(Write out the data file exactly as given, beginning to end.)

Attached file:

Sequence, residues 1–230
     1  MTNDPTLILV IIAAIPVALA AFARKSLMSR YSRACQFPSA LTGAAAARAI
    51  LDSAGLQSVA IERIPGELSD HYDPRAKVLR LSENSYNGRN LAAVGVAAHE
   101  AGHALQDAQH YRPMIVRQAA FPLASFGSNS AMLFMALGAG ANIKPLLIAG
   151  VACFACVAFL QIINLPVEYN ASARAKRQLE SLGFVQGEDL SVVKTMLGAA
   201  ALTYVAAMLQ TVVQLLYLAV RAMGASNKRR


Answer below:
Sequence, residues 1–230
     1  MTNDPTLILV IIAAIPVALA AFARKSLMSR YSRACQFPSA LTGAAAARAI
    51  LDSAGLQSVA IERIPGELSD HYDPRAKVLR LSENSYNGRN LAAVGVAAHE
   101  AGHALQDAQH YRPMIVRQAA FPLASFGSNS AMLFMALGAG ANIKPLLIAG
   151  VACFACVAFL QIINLPVEYN ASARAKRQLE SLGFVQGEDL SVVKTMLGAA
   201  ALTYVAAMLQ TVVQLLYLAV RAMGASNKRR